Migraines, strokes may be linked to childhood adversity

May 10, 2012 By Marc Ransford

(Medical Xpress) -- Migraines, strokes and other inflammatory diseases suffered by some adult women may be linked to adverse experiences that occurred during childhood, says a new study co-authored by a Ball State University researcher.

A study of 140 women between the ages of 18 and 50 found a strong correlation between incidents of childhood and migraines, chronic daily headaches and that leads to strokes, said Jagdish Khubchandani, a community health education professor in Ball State's Department of Physiology and Health Science and a faculty fellow with the university's Global Health Institute.

"Our research found there were higher levels of blood abnormalities — also known as biomarkers — with chronic daily headaches and migraines in adult females who self-reported suffering some sort of abuse or negative event at a younger age," Khubchandani said. "Since migraines are a major risk factor for strokes, we may have potentially found a cause for what could be a debilitating health event for many people. The evidence supporting the biologic plausibility of this theory is growing."

Participants in the study included 100 women with frequent and infrequent headaches along with 41 headache-free subjects. Blood and urine samples were taken to determine the presence of various biomarkers that could indicate medical problems.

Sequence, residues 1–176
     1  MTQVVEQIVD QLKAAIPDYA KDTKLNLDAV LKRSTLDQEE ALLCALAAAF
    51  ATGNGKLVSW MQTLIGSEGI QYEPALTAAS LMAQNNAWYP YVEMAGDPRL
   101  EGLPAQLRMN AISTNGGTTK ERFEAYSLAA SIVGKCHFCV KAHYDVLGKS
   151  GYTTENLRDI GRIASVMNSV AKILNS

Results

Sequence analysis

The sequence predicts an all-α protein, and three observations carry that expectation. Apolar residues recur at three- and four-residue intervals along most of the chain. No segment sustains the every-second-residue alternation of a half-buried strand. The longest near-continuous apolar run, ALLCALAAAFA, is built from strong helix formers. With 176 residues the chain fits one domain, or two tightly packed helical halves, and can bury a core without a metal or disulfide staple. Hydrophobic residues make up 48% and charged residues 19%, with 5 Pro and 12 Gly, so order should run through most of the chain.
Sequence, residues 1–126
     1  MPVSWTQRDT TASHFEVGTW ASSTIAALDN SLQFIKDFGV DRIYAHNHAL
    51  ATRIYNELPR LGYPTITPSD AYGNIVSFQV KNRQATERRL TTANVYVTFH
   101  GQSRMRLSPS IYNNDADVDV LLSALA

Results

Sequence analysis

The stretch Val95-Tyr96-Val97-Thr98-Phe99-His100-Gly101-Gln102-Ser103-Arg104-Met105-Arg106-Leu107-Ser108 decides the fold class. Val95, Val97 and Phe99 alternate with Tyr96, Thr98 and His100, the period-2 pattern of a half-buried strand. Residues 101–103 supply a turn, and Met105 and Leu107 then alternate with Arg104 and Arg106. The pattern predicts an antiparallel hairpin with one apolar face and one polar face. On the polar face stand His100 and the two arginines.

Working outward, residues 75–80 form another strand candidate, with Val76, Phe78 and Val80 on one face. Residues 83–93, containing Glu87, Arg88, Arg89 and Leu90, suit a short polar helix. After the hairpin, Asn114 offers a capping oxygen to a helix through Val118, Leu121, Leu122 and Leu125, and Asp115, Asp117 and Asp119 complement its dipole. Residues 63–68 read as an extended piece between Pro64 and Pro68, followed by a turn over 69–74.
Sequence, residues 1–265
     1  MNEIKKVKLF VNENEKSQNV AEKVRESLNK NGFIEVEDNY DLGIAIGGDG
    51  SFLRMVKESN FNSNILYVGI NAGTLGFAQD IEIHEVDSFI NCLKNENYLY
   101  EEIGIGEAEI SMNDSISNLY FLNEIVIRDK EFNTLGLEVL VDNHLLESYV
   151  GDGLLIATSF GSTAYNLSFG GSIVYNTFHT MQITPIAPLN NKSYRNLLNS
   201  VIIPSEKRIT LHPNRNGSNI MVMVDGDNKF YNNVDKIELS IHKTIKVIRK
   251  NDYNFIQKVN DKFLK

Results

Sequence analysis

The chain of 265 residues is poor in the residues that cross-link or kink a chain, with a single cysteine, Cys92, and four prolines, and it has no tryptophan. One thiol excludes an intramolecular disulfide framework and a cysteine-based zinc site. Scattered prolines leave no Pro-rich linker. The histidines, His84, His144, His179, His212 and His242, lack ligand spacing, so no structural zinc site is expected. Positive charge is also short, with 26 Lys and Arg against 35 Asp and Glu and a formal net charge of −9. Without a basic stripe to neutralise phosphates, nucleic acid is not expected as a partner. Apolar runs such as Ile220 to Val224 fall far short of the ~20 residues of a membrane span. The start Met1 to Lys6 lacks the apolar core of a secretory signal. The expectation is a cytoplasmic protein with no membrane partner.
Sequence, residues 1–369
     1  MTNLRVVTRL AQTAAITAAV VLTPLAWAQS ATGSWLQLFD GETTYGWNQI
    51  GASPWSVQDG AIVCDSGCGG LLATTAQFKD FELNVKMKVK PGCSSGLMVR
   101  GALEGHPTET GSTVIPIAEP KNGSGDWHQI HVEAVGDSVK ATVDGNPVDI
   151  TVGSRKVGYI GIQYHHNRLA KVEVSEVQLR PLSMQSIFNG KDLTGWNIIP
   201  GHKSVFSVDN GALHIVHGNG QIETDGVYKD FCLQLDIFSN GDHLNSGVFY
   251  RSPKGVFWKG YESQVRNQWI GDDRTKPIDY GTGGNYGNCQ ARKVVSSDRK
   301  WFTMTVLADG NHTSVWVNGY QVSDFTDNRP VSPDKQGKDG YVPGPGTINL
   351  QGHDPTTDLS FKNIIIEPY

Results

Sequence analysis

The women were also asked to complete a 10-item adverse childhood experience (ACE) questionnaire that asked the participants about experiences occurring before the age of 18, including abuse (emotional, physical or sexual), neglect (emotional or physical) and exposure to household dysfunction (violence, parental substance abuse, mental illness, criminal behavior, parental separation or divorce).

The study found:

• About 79 percent of women with migraines reported suffering adversity during childhood as compared to 21 percent of the headache-free.
• Participants reporting continuous headaches had an adversity score of 3.24 while participants without headaches had a significantly lower adversity score of 1.53.
• Participants reporting frequent migraines were more likely identify themselves as lower income and less educated. They were smokers with higher body mass indexes and hypertension.
• Participants with adverse childhood experiences were more likely to report chronic daily headaches and have increased blood levels of markers for and blood clotting.

The American Headache Society published the research in the April edition of its journal, Headache. The research also received the Harold G. Wolff Lecture Award from the organization.

Khubchandani points out the study is the first to examine the association of biomarkers for endothelial dysfunction (a condition in which the endothelial, or inner lining of blood vessels, does not function normally) with migraines and in the same cohort.

It is also the first research project to establish the relationship of adult and childhood adversity using physician-applied criteria and the ACE questionnaire to survey a range of adverse childhood events.

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